Parsing Javascript simply


Sandor Szatmari
 

We use a WebView/WKWebView for accessing web page DOMs using xPath queries.  We used to be able to even interact with Java Applets, but security improvements have killed that functionality after 10.6.  And Applets are a dead technology for the most part.    We still support 10.6 to interact with legacy web pages.  Please, I hope they go away!  But a great deal can still be accomplished this way.  Using the delegates will let you know when the page loads are complete and the DOM is in it’s final state.  Make sure to query after that to ensure the javascript is loaded/interpreted.

Sandor

On Dec 3, 2019, at 17:48, Graham Cox <graham@...> wrote:

Thanks - indeed simple to try, but unfortunately doesn’t work in this case.

I’ll try loading it into an off-screen WKWebView.

—Graham



On 3 Dec 2019, at 12:47 pm, Quincey Morris <quinceymorris@...> wrote:

I tried something similar recently, and got better-than-anticipated results using this NSAttributedString initializer:


IIRC, this gave me an attributed string with (Javascript-generated) links embedded, so you might have to scan for ”a” tags instead of “video” tags. I dunno, it might not work for you, but it should be simple to try.



Graham Cox
 

Thanks - indeed simple to try, but unfortunately doesn’t work in this case.

I’ll try loading it into an off-screen WKWebView.

—Graham



On 3 Dec 2019, at 12:47 pm, Quincey Morris <quinceymorris@...> wrote:

I tried something similar recently, and got better-than-anticipated results using this NSAttributedString initializer:


IIRC, this gave me an attributed string with (Javascript-generated) links embedded, so you might have to scan for ”a” tags instead of “video” tags. I dunno, it might not work for you, but it should be simple to try.



Sandor Szatmari
 

Did you try loading the page in a WebView? Then you should be able to traverse the DOM.

Sandor

On Dec 2, 2019, at 20:36, Graham Cox <graham@mapdiva.com> wrote:

Hi all,

I made an app that scrapes web pages looking for a specific tag - namely, the <video> tag to get the address of a video stream. If you display the page in e.g Safari, the video portion can be right-clicked and it gives you a “Copy Video Address” menu that extracts the URL. My app is intended to obtain that same URL.

On some sites, the video address is generated by some obfuscating Javascript rather than simply embedded in the HTML of the page. Nevertheless once displayed, Safari still allows you to manually copy the video stream’s URL, so the obfuscation doesn’t provide any real security - it just makes my page scraping effort more difficult.

My question is, is there a way to run the Javascript using some built-in classes to get the final page rendering, so that the video address can be obtained? I don’t want to write my own Javascript parser, that’s crazy. Besides, I don’t know Javascript very well, so I’d rather just leave it to some existing code, then make use of its output. Is this possible, or what strategy can I use?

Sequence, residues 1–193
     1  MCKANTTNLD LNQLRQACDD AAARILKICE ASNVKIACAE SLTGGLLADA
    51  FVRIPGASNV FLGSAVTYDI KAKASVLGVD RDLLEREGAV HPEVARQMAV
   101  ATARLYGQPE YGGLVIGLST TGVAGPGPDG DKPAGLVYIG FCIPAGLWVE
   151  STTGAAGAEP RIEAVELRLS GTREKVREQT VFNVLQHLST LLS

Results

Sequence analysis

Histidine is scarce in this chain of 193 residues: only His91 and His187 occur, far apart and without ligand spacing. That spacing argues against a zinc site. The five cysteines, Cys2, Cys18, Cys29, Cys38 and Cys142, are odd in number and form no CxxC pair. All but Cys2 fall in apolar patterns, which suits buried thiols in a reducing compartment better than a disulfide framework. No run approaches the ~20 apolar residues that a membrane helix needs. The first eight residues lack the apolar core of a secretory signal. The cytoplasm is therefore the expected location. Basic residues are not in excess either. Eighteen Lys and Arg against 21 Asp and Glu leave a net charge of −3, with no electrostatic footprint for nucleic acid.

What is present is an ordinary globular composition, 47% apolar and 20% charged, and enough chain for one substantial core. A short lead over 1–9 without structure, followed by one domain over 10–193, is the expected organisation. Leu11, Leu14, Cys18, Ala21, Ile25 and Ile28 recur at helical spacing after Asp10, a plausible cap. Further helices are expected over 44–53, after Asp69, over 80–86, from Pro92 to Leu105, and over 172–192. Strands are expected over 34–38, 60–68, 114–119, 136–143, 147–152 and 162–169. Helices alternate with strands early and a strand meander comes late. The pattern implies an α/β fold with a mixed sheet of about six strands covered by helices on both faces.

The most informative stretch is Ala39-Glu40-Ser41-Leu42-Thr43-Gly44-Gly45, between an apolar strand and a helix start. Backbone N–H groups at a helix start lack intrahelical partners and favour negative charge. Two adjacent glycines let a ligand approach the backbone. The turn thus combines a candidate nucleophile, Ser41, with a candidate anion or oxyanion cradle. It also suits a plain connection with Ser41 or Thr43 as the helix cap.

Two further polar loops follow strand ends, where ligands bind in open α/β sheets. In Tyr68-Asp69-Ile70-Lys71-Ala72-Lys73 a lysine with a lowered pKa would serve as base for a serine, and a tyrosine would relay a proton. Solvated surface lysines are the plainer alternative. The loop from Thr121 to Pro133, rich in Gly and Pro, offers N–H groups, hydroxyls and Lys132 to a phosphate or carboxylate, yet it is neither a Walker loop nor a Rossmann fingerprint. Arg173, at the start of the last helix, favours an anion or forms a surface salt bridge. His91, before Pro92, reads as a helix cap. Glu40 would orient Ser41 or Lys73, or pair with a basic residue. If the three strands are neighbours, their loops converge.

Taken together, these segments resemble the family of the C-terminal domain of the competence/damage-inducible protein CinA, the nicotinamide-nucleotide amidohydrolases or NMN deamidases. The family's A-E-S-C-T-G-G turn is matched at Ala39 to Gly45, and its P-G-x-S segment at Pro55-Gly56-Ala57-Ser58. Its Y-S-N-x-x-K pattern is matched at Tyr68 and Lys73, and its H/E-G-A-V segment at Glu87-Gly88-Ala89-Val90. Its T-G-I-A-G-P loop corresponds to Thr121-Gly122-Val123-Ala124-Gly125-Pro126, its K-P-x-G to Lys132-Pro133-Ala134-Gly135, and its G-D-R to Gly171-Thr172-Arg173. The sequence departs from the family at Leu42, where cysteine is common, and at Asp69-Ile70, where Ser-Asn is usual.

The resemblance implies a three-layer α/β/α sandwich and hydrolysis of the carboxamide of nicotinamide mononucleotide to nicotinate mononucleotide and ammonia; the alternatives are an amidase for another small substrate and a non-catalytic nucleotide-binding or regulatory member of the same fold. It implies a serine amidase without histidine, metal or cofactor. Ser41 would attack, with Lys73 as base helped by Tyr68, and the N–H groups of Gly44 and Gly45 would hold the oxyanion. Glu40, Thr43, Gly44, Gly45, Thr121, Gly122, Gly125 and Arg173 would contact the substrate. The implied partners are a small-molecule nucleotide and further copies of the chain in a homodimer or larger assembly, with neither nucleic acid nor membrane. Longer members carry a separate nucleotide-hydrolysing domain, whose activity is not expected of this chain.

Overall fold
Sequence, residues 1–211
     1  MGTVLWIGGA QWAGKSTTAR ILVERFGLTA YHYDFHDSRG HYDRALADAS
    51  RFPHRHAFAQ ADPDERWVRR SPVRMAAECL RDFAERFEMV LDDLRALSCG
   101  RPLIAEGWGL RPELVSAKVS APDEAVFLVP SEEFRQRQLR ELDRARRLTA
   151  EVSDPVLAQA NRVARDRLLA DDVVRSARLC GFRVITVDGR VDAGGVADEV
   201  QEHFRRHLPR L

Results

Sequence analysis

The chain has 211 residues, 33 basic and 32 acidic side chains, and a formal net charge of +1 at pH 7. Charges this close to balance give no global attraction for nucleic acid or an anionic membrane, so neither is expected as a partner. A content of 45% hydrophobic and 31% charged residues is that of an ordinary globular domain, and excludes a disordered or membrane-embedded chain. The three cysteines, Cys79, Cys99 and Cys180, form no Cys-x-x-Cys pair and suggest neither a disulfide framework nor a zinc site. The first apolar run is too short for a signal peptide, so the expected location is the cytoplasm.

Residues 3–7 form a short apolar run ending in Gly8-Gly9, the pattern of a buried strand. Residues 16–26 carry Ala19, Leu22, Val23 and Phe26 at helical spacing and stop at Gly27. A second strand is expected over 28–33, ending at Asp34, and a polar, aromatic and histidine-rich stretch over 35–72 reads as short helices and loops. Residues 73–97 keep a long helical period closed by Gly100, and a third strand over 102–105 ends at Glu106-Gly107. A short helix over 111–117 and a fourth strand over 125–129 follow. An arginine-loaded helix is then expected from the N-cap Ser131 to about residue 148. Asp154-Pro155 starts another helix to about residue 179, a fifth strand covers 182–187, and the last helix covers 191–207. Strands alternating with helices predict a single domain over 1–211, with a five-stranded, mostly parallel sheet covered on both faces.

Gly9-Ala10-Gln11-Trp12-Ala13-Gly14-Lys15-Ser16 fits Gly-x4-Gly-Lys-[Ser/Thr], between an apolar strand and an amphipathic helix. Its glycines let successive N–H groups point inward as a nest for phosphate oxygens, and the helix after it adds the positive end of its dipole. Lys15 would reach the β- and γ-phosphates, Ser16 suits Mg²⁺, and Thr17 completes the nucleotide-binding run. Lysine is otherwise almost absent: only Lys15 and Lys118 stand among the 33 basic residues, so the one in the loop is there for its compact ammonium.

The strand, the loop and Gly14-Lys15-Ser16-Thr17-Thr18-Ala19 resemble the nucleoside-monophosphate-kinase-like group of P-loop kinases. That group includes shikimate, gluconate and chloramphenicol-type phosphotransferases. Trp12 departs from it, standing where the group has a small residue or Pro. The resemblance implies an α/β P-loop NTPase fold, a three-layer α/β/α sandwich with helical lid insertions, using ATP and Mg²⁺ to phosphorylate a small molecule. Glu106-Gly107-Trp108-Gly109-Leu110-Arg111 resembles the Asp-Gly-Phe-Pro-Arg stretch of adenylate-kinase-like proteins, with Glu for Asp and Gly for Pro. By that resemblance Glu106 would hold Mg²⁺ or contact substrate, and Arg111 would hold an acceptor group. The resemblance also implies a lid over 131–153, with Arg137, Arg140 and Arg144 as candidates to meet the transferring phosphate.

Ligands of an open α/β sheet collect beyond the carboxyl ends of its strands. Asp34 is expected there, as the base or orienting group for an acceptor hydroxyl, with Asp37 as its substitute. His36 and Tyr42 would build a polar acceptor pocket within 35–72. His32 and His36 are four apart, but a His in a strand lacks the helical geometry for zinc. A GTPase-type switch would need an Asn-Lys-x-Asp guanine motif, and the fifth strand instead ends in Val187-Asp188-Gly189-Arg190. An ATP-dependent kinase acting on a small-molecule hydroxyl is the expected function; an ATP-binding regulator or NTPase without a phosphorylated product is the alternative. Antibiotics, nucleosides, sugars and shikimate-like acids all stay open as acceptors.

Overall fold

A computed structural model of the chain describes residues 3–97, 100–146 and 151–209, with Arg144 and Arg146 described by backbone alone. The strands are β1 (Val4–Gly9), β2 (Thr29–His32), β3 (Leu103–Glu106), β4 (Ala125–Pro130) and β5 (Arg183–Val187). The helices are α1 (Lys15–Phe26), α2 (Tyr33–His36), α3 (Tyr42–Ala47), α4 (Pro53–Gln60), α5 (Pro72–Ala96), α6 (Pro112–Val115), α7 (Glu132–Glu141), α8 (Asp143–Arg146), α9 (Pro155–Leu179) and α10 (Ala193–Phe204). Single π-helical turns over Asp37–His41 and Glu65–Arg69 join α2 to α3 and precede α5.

—Graham





Quincey Morris
 

On Dec 2, 2019, at 17:35 , Graham Cox <graham@...> wrote:

My question is, is there a way to run the Javascript using some built-in classes to get the final page rendering, so that the video address can be obtained? I don’t want to write my own Javascript parser, that’s crazy. Besides, I don’t know Javascript very well, so I’d rather just leave it to some existing code, then make use of its output. Is this possible, or what strategy can I use?

I tried something similar recently, and got better-than-anticipated results using this NSAttributedString initializer:


IIRC, this gave me an attributed string with (Javascript-generated) links embedded, so you might have to scan for ”a” tags instead of “video” tags. I dunno, it might not work for you, but it should be simple to try.


Graham Cox
 

Hi all,

I made an app that scrapes web pages looking for a specific tag - namely, the <video> tag to get the address of a video stream. If you display the page in e.g Safari, the video portion can be right-clicked and it gives you a “Copy Video Address” menu that extracts the URL. My app is intended to obtain that same URL.

On some sites, the video address is generated by some obfuscating Javascript rather than simply embedded in the HTML of the page. Nevertheless once displayed, Safari still allows you to manually copy the video stream’s URL, so the obfuscation doesn’t provide any real security - it just makes my page scraping effort more difficult.

My question is, is there a way to run the Javascript using some built-in classes to get the final page rendering, so that the video address can be obtained? I don’t want to write my own Javascript parser, that’s crazy. Besides, I don’t know Javascript very well, so I’d rather just leave it to some existing code, then make use of its output. Is this possible, or what strategy can I use?

—Graham